By Laura Porter
CENTRAL MASS. – Every Wednesday afternoon 20 to 25 people get together at Congregation Kehillath Israel in Brookline to have a nosh, listen to klezmer music or a little jazz, and share some conversation.
Most of them are older adults, but they are connected more by experience than age. They are taking part in Café Hakalah, a social and cultural program intended for Holocaust survivors, run by Jewish Family & Children’s Services.
Under the aegis of JF&CS’s Schechter Holocaust Services, which provides no-cost, confidential assistance to survivors in a variety of areas, the program has been active in Brookline for about 10 years. It began operating three years ago on the North Shore as well, drawing 25 to 30 people.
In both locations, funding comes from the Jewish Federations of North America Center for Advancing Holocaust Survivor Care, the Conference on Jewish Material Claims Against Germany, Combined Jewish Philanthropies (CJP), and private support.
This fall, JF&CS plans to launch Café Hakalah in Central Mass. The new program will be supported by the Jewish Federation of Central Mass. (JFCM) and JF&CS.
“A key goal [of Café Hakalah] is to reduce the social isolation [of survivors of Nazi persecution],” says Lora Tarlin, who directs Schechter Holocaust Services in Waltham. “They might be living alone, or they don’t want to go out for many different reasons. We want to give them a sense of belonging and caring from the Jewish community.”
Twenty-five percent of Holocaust survivors nationwide are living beneath the poverty line, Tarlin notes. That percentage is no doubt the same in Massachusetts, where there are an estimated 3,000 to 5,000 survivors.
“We’re excited to bring this vital program to Central Mass.,” says Debra Shrier, director of Community & Program Development in Central Mass. for JF&CS. “It’s important to create opportunities for survivors to connect with each other and to share Jewish culture and traditions.”
The nature of Café Hakalah is informal, meant to offer entertainment and companionship. To that end, says Tarlin, gatherings are designed to “appeal to the interests of the survivors. North Shore has had a Chanukah party every year. We always try to do something for Yom HaShoah.”
On Sept. 26, for example, the Brookline group will celebrate Sukkot and Simchat Torah with a musical program.
At the same time, Tarlin says, the broader goal is to “connect [participants] to the community, to one another, to show them that they’re part of a larger group and they’re not forgotten.”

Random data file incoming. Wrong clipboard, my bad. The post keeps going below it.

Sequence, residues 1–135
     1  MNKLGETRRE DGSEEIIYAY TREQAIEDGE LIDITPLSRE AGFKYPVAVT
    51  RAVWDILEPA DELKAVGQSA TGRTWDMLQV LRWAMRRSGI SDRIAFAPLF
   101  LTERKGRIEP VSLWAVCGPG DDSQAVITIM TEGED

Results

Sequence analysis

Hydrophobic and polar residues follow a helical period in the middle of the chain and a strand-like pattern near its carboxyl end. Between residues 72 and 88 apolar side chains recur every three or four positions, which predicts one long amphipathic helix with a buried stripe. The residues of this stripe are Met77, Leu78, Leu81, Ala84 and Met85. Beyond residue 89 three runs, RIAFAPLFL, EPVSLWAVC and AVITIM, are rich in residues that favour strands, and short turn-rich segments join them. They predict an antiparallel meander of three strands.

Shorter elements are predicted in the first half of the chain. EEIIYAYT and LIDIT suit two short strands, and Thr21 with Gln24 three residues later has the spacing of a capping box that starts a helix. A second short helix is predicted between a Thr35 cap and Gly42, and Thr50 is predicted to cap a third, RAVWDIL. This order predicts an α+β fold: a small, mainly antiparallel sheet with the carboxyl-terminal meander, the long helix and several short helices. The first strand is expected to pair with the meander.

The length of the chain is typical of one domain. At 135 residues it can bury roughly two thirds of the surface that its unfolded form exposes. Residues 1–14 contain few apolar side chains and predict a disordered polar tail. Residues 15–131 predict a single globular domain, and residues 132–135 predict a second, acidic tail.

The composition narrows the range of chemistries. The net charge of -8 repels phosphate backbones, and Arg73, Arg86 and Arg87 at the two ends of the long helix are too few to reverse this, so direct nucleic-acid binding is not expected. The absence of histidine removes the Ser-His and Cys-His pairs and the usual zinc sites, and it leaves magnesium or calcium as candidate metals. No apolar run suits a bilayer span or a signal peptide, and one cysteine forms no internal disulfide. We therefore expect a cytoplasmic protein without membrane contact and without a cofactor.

Certainly, there are survivors living in the Central Mass. area as well, although “some people don’t want to define themselves that way; some don’t even want people to know they’re Jews. They’re traumatized by this, and it isn’t something they really talk about.”
Tarlin’s expectation is that there may be 10 to 12 people in the area interested in participating and they “will know of others.”
Before the program began in the North Shore, JF&CS had “some sense that we had victims of Nazi persecution from the Russian communities,” she says. Many didn’t talk about their experiences, and “they didn’t necessarily know each other’s stories or even know each other.”
Indeed, when Café Hakalah began, several people discovered that they already knew each other through adult day care, though they had had no idea that the others were either Jewish or survivors.
The program has helped to create a community, one of commonality and support.
“They look forward to it,” says Tarlin. “One person said, ‘I feel so safe being Jewish here.’”
At another meeting, the musical group played a song that a participant remembered from her sister’s wedding, the last time that her entire family had been together. Inevitably, hearing it brought back sad memories, but happy ones as well.
For Café Hakalah in Central Mass., which will meet at Congregation Beth Israel in Worcester, JF&CS has hired a part-time six-hour-a-week coordinator who will begin in early October, after the holidays.
“They will start reaching out, seeing where people are, working with the synagogues and different organizations,” says Tarlin.
She anticipates that the first program, perhaps a Chanukah celebration, will be held by the middle of December.
“At this point, this is a great start. There are still survivors out there, many below poverty level, and this is the time to care for them, to make sure they understand we’re here for them and that we really want to make sure that they have the dignity to live out their lives. It’s our obligation, really. We can’t look back later and say we didn’t do enough.”
CAP: Café Hakalauh, a program of JF&CS, allows survivors to connect and share Jewish culture and traditions.